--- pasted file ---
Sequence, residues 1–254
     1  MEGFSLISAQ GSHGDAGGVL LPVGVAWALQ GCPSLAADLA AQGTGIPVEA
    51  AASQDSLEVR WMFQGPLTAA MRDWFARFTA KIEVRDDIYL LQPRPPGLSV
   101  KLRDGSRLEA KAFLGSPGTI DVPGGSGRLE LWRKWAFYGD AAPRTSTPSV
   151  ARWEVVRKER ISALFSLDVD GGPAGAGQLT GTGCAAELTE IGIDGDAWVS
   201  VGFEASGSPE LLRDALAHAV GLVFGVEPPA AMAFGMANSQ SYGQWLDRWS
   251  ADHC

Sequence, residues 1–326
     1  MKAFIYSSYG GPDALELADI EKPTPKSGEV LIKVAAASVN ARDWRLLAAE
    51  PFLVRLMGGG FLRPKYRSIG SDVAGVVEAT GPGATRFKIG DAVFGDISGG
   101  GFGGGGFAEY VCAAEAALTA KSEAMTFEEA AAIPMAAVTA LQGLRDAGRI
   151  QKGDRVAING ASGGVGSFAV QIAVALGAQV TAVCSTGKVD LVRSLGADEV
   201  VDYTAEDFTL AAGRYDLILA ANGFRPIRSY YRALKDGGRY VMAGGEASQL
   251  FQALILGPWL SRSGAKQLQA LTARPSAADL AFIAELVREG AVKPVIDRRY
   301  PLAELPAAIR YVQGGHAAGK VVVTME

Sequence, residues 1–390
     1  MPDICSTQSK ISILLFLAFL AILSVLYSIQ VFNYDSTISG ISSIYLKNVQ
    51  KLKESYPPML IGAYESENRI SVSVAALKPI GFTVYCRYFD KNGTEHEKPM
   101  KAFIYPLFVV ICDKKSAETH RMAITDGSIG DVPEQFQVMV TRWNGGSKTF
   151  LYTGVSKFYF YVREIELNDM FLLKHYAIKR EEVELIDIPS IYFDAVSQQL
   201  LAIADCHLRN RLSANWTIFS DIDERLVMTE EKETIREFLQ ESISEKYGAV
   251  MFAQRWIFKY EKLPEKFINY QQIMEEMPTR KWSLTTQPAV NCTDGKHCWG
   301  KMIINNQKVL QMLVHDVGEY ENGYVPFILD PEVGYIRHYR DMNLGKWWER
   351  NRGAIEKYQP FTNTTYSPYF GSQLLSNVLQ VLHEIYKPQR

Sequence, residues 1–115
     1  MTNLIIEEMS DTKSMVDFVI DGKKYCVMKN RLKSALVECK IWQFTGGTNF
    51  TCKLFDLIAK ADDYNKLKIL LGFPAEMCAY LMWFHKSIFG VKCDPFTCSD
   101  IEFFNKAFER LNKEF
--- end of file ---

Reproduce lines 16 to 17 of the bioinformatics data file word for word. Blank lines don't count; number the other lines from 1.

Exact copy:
Sequence, residues 1–390
     1  MPDICSTQSK ISILLFLAFL AILSVLYSIQ VFNYDSTISG ISSIYLKNVQ